AIA lecture by Professor Brian Rose (James B. Pritchard Professor of Archaeology at the University of Pennsylvania, Past President of the AIA).
In 1988 archaeologists from the University of Cincinnati and the University of Tübingen, Germany, began new excavations at Troy with the intent of examining all phases of habitation- from the Bronze Age through the Byzantine period.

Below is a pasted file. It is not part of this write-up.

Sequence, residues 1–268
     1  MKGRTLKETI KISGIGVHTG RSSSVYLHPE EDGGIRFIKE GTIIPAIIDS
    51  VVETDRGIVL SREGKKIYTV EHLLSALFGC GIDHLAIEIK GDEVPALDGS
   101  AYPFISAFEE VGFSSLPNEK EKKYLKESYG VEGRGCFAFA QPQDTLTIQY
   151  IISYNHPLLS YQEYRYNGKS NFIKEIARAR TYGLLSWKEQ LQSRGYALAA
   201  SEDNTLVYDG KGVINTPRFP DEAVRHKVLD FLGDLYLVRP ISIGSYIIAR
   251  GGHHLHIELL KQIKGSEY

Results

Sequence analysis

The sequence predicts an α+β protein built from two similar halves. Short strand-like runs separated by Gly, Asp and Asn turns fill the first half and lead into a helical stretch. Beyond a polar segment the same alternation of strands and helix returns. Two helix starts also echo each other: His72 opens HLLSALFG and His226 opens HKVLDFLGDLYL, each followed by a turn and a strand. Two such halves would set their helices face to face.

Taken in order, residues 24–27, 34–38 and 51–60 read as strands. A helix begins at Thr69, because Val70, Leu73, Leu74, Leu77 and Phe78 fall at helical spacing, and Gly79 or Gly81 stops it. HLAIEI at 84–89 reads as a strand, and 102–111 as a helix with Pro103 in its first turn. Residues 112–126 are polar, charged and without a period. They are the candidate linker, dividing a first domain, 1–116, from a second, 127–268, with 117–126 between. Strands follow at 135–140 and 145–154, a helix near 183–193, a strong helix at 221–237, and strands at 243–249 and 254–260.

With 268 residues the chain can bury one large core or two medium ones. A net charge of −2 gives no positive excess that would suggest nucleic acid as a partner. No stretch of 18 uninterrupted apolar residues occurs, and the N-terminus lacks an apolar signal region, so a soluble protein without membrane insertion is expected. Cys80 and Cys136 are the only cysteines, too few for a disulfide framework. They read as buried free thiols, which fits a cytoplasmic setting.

This lecture presents the results of the Bronze Age, Greek, and Roman excavations at the site during the last 24 years. Work has concentrated primarily on the theater, temple of Athena, the Bouleuterion or Council House, and the Sanctuary of the Samothracian Gods. The Bronze Age fortifications and Roman houses in the Lower City have also been extensively investigated. Excavation thus far has clarified the nature of habitation at the site during the late Bronze Age (15-12th centuries BC), as well as the rise in the city’s fortunes during the reign of Augustus and his Julio-Claudian successors. The relationship between the recent discoveries at the site and the Homeric tradition are also considered.